Until Mom (and I) became involved with Hospice, I had no idea that a medical sub-system existed "out there" that includes an interdisciplinary approach. Each client has:
- a designated field social worker who visits fairly regularly;
- a designated oversight social worker who organizes and keeps tabs on all aspects of care and handles Durable Medical Equipment;
- a designated doctor who freely consults other physicians in the area, if necessary;
- a designated RN who visits weekly or more, depending on what is necessary, is on 24 hour call, is experienced in the requirements of the care of the terminally ill and performs much of the medical care and evaluation;
- a spiritual counselor on call if needed;
- a raft of volunteers who are available to offer help and assistance to the caregiver as well as a wide range of social company for the care recipient;
- a trained physical therapist for regular evaluations and interventions, if necessary;
- trainers to teach the caregiver new skills, if necessary.
The more involved we become with this type of medical care, the more I wonder Why isn't ALL medical care like this????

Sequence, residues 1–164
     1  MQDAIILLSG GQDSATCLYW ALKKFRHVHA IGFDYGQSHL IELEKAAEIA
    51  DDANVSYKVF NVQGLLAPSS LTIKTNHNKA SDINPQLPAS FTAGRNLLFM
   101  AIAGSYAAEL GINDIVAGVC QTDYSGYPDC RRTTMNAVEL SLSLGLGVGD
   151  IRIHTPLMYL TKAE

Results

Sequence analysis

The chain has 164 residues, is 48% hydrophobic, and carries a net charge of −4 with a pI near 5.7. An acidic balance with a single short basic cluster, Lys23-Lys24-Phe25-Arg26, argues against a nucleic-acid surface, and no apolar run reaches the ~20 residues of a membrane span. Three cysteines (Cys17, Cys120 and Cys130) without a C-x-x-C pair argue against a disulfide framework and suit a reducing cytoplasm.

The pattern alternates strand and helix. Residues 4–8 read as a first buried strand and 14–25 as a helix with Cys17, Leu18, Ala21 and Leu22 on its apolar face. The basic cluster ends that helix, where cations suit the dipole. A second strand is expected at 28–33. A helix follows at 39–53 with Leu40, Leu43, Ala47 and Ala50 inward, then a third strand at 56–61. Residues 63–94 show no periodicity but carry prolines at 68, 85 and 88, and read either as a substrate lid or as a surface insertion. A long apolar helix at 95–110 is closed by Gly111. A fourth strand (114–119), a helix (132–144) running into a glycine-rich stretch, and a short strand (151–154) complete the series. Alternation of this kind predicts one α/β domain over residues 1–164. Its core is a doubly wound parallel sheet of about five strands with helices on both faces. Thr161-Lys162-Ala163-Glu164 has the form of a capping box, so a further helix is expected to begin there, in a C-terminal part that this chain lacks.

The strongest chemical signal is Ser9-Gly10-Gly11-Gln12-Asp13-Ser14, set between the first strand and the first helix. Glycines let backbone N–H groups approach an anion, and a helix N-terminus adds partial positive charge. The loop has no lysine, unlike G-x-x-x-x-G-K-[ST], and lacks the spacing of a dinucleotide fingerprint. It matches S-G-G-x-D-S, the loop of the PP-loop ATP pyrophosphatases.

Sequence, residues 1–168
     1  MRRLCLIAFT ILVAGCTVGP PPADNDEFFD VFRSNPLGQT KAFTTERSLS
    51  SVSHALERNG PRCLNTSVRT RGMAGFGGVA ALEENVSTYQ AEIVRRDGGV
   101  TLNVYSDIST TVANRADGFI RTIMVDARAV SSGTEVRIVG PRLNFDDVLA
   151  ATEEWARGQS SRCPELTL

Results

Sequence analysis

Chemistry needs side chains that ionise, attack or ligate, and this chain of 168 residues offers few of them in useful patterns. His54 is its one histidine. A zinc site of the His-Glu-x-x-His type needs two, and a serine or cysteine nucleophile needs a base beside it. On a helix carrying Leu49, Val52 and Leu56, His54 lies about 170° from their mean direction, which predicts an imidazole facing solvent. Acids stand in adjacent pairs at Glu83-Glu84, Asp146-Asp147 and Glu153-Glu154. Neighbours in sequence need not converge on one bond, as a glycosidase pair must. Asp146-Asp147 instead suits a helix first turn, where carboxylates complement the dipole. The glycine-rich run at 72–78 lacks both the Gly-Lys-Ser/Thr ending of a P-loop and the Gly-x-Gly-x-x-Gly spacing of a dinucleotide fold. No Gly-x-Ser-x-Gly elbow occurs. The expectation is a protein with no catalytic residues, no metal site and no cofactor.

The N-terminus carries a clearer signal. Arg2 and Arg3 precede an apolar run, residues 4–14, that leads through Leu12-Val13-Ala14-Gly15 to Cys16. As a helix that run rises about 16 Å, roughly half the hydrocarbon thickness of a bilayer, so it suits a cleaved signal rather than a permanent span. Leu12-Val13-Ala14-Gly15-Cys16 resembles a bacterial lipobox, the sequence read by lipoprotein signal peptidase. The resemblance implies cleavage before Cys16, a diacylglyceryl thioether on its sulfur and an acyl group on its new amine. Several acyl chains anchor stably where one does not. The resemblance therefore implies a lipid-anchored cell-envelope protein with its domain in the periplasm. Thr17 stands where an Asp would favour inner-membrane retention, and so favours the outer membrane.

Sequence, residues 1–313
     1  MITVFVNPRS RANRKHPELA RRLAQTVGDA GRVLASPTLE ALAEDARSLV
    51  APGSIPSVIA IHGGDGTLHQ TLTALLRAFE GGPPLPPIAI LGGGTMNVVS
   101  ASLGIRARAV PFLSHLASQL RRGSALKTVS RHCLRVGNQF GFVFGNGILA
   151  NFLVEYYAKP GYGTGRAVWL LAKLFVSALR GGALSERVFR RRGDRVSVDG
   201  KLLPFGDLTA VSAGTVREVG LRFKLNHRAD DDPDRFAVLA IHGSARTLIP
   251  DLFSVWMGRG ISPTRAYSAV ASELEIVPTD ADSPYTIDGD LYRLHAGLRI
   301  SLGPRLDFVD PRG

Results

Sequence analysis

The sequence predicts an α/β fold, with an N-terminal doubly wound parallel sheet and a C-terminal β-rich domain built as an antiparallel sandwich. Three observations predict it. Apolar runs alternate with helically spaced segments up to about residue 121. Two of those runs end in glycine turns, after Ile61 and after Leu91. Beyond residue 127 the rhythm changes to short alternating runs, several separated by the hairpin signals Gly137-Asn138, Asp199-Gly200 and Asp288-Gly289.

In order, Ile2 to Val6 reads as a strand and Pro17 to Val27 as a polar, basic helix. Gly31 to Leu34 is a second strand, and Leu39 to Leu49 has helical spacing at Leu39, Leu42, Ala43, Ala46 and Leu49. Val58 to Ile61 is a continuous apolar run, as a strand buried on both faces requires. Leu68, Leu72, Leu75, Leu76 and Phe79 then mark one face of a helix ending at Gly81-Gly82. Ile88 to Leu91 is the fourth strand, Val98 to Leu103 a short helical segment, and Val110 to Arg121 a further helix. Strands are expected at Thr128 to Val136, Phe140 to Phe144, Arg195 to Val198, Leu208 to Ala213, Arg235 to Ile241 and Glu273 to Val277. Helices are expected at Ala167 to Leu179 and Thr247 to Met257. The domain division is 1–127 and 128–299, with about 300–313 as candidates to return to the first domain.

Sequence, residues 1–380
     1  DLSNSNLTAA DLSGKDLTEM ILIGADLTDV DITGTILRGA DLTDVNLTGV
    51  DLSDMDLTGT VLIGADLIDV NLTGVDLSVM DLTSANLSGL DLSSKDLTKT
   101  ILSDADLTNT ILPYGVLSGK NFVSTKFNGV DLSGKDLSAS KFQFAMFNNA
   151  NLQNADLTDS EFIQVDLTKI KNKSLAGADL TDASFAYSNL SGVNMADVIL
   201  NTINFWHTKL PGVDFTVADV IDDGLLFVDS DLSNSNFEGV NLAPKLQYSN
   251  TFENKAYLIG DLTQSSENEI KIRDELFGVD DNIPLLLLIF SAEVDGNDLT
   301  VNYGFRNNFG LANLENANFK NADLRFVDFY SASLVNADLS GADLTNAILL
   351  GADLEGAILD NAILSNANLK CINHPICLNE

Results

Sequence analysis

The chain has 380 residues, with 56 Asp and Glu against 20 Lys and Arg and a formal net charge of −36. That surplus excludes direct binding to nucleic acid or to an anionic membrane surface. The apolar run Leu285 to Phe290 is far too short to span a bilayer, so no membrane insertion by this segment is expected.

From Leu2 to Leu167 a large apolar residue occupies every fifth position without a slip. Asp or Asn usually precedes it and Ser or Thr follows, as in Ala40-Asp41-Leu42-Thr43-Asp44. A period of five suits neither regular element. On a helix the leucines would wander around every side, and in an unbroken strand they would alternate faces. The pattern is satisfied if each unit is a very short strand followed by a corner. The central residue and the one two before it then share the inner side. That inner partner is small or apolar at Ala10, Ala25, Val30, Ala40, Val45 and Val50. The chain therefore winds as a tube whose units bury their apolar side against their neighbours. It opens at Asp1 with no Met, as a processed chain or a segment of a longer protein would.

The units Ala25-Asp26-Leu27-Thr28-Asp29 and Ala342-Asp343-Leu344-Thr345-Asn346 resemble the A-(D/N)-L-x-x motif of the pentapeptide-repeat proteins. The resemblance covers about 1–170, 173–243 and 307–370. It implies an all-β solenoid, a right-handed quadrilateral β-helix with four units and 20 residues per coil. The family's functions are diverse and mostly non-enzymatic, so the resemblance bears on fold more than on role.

It's not uncommon for me to hear complaints about Hospice, although it's also not uncommon for me to hear compliments. From my experience, I think the complaints are generated because most of us, here in the US, are not used to having so many medical resources obviously at our disposal and aren't sure how to select the ones we need and put a hold on those we don't. I've noticed that a lot of people who have complaints feel that they and their relatives were "overmanaged" in their Hospice experience. I see how this can happen if one doesn't understand or trust that one can pick and chose, not only services but the extent of each service and people who are delivering them. At the beginning of our Hospice experience the visits from the various "departments" of Hospice were frequent and thorough. Luckily, my understanding of what was happening was also thorough, through the oversight social worker, so I knew that all these visits were primarily to introduce us to available services and, secondarily, to gather detailed information about my mother, myself as her caregiver and the care systems (or lack thereof) that we already have in place. As well, at least our Hospice company has been, from the beginning, overtly concerned that we take what we need and refuse what we don't. Our RN, for instance, has been so meticulous about reminding us of his concern about a "good fit" between him and us that, last week, I figured I'd better ask him if he thinks the fit isn't good for him; a hit bird will flutter, you know. He was astonished, and expressed gratitude, that I asked...but confirmed that he is comfortable with us, as we are with him. As well, once on Hospice, people aren't "stuck" with Hospice. One can sign off and go back to "regular medicine" at any time.